A KEY tech challenge that firms like Google, Facebook and Amazon master superbly – but many fail to handle – are the problems brought by the sheer volume of modern data.
Only 50 years ago, most people’s lives were summed up by a tin box on top of the wardrobe into which they carefully tucked the dozen or so key documents of their existence, many of them hand-written and hand-copied: birth certificates, passports, insurances, pension documents and share certificates, etc.
By the 1980s we had big filing cabinets at work and small filing cabinets at home and many people used Filofaxes to keep data needed for business or social life.
And then digital happened and a tsumani of data shattered our capacities for thought and judgment.
GDPR date May 2018
In my last blog I looked at the GDPR (General Data Protection Regulation, coming into force on 25 May 2018 – https://www.stephenakirk.com/gdpr-rules-prise-away-customers/) and the way it will rob many firms of their customers by undermining the ‘stickiness’ of the data held. Customers can disappear from your firm’s radar and you won’t be able to keep any trace of their whereabouts. They will be able to leave you, ask you to delete them from every file and then take their dataset off to a rival.
In this blog I want to examine how the vast flows of data have swamped some key management thought processes and left us vulnerable to cyber threats.
But first, let’s remind ourselves of analogue data by examining the practices of the highly successful Maurice Saatchi, a pioneer of 1980s advertising, whose firm Saatchi & Saatchi rose to fame just before digital.
When Maurice Saatchi made his daily 25 sales-calls to prospective clients, he recorded his notes on his Rolodex – a wheel of index cards. But he also applied a lot of thought to the process. After all if you carry about even a small Rolodex you only want good information. Bad information in the form of illegible cards, poorly copied phone numbers and names – and people who get angry when you call – palpably gets in the way of successful sales call.
When he rang a prospective client, Maurice would know by experience, or from his notes, what was the best time to call, how to speak, whom in the outer office to be nice to and how to pitch, etc. Each call would be adjusted to the prospective client’s needs. If the ‘Decider’ was out sometimes Maurice would leave a message or sometimes he’d just promise to ring back. All subtleties of human interaction, taking clues from the human voice.
Maurice Saatchi (who got a First from a top university and got his first employer to pay him double the going rate for his first job because he was so demonstrably talented) then applied all his mind to the call. He’d done his research, he was prepared. He was motivated because he believed his new firm could solve the prospective client’s problems and he was polite, persistent and patient, gathering more information from this call to deploy next time.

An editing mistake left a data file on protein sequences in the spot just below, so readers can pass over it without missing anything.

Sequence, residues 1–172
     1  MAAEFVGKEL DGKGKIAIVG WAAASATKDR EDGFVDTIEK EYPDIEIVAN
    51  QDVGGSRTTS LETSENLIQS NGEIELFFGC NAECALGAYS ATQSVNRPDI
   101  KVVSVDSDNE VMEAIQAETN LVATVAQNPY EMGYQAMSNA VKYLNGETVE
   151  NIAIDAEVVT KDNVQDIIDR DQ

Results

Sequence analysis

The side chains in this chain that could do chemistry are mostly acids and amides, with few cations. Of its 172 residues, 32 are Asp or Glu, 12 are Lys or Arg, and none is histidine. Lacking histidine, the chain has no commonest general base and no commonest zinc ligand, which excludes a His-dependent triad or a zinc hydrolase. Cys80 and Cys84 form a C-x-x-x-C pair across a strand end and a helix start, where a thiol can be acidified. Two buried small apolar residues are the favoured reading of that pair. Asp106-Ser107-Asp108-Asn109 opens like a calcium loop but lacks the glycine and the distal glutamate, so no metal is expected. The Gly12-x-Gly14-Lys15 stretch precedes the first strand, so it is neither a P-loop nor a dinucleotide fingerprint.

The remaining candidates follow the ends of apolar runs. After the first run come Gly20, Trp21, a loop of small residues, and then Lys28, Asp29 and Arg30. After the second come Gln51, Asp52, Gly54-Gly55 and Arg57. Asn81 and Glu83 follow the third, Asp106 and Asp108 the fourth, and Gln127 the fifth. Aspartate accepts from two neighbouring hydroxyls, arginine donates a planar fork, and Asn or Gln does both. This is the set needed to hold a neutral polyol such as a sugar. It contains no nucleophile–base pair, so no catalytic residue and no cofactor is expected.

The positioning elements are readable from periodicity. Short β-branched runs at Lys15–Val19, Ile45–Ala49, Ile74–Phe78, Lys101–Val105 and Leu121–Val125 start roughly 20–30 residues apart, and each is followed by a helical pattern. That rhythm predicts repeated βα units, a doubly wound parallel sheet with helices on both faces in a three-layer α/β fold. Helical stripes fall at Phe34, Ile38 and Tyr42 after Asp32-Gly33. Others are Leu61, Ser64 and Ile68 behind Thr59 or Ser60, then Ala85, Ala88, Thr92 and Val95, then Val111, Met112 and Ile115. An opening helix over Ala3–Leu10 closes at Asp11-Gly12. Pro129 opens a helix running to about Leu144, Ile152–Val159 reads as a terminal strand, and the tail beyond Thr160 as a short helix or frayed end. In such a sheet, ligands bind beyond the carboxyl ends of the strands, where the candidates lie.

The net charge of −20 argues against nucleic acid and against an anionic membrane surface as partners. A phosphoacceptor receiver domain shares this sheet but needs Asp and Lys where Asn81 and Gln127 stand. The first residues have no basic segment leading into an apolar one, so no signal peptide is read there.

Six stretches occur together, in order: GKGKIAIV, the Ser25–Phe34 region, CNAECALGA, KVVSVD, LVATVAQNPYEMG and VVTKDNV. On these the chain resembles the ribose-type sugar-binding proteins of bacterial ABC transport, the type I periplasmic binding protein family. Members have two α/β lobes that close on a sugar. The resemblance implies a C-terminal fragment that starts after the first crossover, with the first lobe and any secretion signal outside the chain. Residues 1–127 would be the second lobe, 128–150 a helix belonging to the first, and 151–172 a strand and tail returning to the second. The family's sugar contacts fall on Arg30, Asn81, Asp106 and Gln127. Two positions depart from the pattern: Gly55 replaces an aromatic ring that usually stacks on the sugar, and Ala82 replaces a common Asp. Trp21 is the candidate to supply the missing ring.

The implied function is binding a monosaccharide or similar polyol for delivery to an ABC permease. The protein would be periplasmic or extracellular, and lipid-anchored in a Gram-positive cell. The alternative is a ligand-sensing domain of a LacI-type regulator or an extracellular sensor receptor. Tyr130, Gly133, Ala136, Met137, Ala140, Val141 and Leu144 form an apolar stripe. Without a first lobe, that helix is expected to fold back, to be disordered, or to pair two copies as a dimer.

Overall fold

Tuning your information
In other words, his system of data, as he deployed it, carried a lot of highly attuned information. It was just the right data, husbanded and applied at the right time in the right way and then managed in the follow-up. It looked like a simple Rolodex but what stood behind it was all his skill, expertise and drive. Even if someone stole the Roladex, a lot of the data was in Maurice’s head.
We can learn a lot from Maurice. Too many data problems in today’s business world, nearly 30 years later, are due to a lack of expert thought. Just because we can collect the customer data, information, we do. In fact, we pile it up and then we give too little thought to how it is evaluated, kept, managed and cleaned on a daily basis. GDPR is going to highlight this tendency very harshly.
But irrespective of GDPR, every day, some firms are being punished for mishandling their data. And one of the simplest ways to mishandle data, to fail to think hard enough about what you are doing, is security.
Let’s take the recent ‘Paradise Papers’ mega leak from a law firm called Appleby, which looks after clients using offshore for discretion and tax purposes. This firm, dating from the 1890s and world leader in its field, appears to have lost 13 million of its clients’ documents to prying journalists.
I have spent decades leading and founding businesses in tech and cybersecurity and I can think of 100 ways things could have gone wrong.
When data was analogue and in the form of bits of paper, the only way to steal it was via the front door. Digital data can leave that way too, but now it’s also possible to access files kept somewhere remote like Bermuda from anywhere else on the planet.
Digital theft in minutes
If a human being physically steals 13 million pieces of paper, they are seen walking down the street with a pile of paper hundreds of metres high. Downloading 13 million documents to an anonymous account run from the other side of the world could take a few minutes and might be done invisibly.
Appleby got broken into because it was not applying enough thought to its risks, how it manages its clients’ data, how, at every step, it preserved security and defended its own and clients’ assets against attacks or accident in the modern world.
Appleby’s data loss might have been down to an accident that poorly-designed process allowed to happen, or down to a concerted attack by a well-equipped state enterprise that wanted something from the Appleby files and used the leak to cover tracks. Or something in between. We may never know.
What is certain is that Appleby – like millions of other firms, including, maybe yours – must have gotten complacent somewhere. It did not apply enough expert human thought to its data work.
Time to think properly
GDPR or not, it’s about time you really started thinking about what really happens inside those whirring grey boxes called computers…
Your business reputation depends on it.